E491 SAMUEL TAYLOR COLERIDGE QUESTIONS

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Assigned: from The Statesman's Manual; from Biographia Literaria (668-82).

From The Statesman's Manual (1816)

1. What is an allegory? Give an example to fill in Coleridge's description on 673.

2. What is a symbol, according to Coleridge -- in what sense is the symbol a fundamental mode of language rather than a mere literary device or figure of speech? Since Coleridge's best example is Jesus' "The eye is the light of the body" (Matthew 6:22), how does that utterance drive home the point? (673)

From Biographia Literaria, Part 1, Chapter 1 (1817)

3. How does Coleridge compare the relative faults and merits of poets before his time and of his contemporaries? (675)

4. What does Coleridge write concerning any poem whose words can be rearranged? What is wrong with such a poem? What method of composition does his observation suggest? (675)

From Biographia Literaria, Part 1, Chapter 4

5. How does Coleridge distinguish "fancy" and "imagination" in this chapter? (675-76)

6. What is "the only way to imitate without loss of originality"? Why? Against what doctrine of imitation is Coleridge writing here? (676)

From Biographia Literaria, Part 1, Chapter 13

7. What is the "primary imagination," according to Coleridge? What affinity between divine creation and human perception does this definition advance? (676)

8. The "secondary imagination" is the creative imagination of the artist. How does Coleridge describe the relationship of this power to the world of objects? How does this kind of imagination differ from "fancy"? (676-77)

From Biographia Literaria, Part 2, Chapter 14

9. On 677-78, what respective tasks did Wordsworth and Coleridge set themselves in agreeing to collaborate on the poems that became Lyrical Ballads? In what sense might those tasks be said to work towards a common goal?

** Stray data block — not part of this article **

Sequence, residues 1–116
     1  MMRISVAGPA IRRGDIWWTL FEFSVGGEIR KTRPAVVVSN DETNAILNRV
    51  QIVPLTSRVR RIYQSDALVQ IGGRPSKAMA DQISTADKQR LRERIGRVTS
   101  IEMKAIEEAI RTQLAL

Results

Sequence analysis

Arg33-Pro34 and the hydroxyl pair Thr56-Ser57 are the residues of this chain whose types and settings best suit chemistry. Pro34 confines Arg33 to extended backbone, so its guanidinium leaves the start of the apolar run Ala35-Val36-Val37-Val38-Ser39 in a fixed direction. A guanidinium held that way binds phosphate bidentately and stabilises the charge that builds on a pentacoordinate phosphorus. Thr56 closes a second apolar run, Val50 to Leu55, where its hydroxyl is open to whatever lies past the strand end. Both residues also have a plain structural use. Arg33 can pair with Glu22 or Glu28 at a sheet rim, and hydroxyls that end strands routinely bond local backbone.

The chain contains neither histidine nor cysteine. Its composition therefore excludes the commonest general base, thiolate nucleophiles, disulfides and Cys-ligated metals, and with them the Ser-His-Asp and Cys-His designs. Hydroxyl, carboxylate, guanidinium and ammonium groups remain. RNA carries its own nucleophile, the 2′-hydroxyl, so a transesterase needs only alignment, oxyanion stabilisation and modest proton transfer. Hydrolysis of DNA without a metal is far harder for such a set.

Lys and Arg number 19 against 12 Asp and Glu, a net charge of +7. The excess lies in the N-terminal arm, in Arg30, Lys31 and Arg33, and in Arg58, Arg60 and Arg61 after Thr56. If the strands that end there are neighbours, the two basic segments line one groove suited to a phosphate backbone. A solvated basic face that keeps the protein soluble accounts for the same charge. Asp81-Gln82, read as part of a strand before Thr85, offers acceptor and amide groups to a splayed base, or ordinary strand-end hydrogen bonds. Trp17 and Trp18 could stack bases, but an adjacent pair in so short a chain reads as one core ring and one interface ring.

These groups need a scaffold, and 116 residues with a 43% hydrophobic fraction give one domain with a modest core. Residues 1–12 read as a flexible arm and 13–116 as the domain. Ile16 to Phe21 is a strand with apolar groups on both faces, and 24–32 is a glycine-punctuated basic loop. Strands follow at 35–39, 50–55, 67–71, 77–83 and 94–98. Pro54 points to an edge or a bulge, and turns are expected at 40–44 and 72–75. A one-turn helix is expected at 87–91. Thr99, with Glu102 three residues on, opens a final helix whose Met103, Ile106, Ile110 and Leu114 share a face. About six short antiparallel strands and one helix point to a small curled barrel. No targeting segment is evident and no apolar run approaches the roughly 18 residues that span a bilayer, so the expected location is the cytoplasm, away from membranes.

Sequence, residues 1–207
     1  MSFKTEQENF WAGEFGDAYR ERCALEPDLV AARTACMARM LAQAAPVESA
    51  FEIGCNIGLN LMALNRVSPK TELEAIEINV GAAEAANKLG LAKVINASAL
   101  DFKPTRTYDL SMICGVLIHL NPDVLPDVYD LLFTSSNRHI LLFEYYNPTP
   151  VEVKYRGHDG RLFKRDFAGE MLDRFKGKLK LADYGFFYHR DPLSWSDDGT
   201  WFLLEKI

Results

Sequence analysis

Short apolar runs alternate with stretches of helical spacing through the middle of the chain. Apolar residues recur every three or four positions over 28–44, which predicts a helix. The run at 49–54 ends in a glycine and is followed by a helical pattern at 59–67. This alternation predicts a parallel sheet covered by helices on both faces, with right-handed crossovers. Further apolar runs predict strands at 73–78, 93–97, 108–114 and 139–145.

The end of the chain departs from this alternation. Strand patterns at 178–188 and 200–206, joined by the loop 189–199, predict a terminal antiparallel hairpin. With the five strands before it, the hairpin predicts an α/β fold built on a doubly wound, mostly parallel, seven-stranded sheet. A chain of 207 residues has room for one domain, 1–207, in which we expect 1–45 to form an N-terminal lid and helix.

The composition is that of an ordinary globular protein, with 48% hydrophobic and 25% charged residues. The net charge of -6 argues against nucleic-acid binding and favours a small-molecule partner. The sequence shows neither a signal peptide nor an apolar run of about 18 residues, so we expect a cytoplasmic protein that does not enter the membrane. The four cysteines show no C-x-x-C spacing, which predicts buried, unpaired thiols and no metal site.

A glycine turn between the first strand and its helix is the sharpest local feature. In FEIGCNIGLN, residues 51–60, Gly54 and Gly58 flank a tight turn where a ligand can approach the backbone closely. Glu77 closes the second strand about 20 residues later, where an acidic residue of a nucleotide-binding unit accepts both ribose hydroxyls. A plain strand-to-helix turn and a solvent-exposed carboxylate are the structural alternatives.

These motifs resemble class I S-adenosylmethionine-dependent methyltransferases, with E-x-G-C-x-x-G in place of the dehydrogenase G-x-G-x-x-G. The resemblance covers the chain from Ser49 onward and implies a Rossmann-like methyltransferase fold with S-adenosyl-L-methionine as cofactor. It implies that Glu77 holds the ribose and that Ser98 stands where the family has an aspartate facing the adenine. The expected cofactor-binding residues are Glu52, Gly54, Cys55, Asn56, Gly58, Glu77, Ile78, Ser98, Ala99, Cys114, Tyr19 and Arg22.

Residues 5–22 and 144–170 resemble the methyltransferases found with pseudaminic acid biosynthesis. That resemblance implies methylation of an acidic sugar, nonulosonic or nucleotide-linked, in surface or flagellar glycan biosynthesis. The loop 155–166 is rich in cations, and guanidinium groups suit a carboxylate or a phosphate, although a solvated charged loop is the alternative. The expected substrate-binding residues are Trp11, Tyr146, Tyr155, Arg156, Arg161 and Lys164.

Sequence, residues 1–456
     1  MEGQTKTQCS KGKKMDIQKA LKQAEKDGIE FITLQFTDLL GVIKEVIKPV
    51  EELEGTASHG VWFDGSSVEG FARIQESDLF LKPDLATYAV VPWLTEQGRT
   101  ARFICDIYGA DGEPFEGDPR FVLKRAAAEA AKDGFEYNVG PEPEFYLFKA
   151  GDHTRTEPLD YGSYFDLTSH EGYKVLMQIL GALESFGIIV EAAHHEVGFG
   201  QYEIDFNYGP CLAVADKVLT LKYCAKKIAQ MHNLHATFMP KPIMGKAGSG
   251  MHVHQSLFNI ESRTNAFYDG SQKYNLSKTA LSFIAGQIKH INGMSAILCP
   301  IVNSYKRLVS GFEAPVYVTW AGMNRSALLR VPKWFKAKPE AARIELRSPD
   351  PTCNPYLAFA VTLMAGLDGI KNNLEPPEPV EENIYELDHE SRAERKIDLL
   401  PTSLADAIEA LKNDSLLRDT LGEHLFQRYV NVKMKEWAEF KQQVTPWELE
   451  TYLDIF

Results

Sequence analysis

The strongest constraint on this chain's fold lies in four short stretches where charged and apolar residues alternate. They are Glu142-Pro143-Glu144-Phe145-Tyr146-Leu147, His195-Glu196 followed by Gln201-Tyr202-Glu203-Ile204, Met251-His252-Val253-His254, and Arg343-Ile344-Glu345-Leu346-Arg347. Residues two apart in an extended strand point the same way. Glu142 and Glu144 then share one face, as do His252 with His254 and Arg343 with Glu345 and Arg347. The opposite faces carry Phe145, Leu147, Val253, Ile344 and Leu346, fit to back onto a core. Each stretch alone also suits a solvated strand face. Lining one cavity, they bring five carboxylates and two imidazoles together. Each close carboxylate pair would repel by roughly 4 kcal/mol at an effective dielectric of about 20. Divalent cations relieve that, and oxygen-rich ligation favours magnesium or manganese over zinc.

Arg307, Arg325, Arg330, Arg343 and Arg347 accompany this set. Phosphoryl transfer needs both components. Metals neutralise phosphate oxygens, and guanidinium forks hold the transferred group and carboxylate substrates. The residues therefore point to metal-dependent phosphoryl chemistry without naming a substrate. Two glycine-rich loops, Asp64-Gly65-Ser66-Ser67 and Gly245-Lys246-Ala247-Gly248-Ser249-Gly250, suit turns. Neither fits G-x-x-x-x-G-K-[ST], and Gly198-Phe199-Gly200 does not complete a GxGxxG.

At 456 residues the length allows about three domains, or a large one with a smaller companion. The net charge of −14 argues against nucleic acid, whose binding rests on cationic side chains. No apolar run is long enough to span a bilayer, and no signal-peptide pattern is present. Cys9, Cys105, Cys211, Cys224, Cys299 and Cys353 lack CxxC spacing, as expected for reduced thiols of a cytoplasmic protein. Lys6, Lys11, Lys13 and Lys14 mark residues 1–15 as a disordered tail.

10. On 679-80, what definition of poetry (as opposed to a scientific treatise or ordinary prose) does Coleridge develop partly by way of distinguishing his own poetic theory from that of Wordsworth? On 680 top, what is Coleridge's final definition poetry?

11. On 680, how does Coleridge elaborate on his definition -- what is the relationship of parts to parts in a "legitimate poem"? How does a genuinely satisfactory poem engage the reader's attention with respect to its parts, and with respect to the whole? Why is the mind's progression in reading a poem best described as resembling "the motion of a serpent"?

12. On 681 middle to end, what specific effects does Coleridge suggest flow from the poet's imaginative efforts? Since he believes Wordsworth wields poetic imagination in the highest degree, how does that author's poetry achieve "the balance or reconciliation of opposite or discordant qualities"? Alternately, how might it be said that his poetry "blends and harmonizes the natural and the artificial" without exalting art over nature?

13. On 681-82, how does the quotation from John Davies' poem Nosce Teipsum reinforce the claims Coleridge has been making in favor of imagination?

Extra, Not in Norton Theory Anthology (from Biographia Literaria, Chapter 17)

14. Coleridge has his disagreements with Wordsworth about poetic language. According to him, why is Wordsworth's much-promoted "low and rustic life" inadequate as a source of the language most proper to poetry? What is wrong with Wordsworth's emphatic use of the word "real" to describe that language? And how is Wordsworth's faith in the effect of strong emotion upon language somewhat misplaced?

15. On the whole, since he rejects the diction of simple country folk, what kind of language does Coleridge suggest ought to inform the best poetry? Why should the words of Richard Hooker, Francis Bacon, or Edmund Burke (or Milton, as in the subsection title) serve the purpose better? (The relevant excerpt for questions 14-15 is in The Norton Anthology of English Lit., 8th ed., Vol. D., 483-85.)

Edition: Leitch, Vincent B., ed. The Norton Anthology of Theory and Criticism. 1st ed. New York: Norton, 2001. ISBN 0-393-97429-4.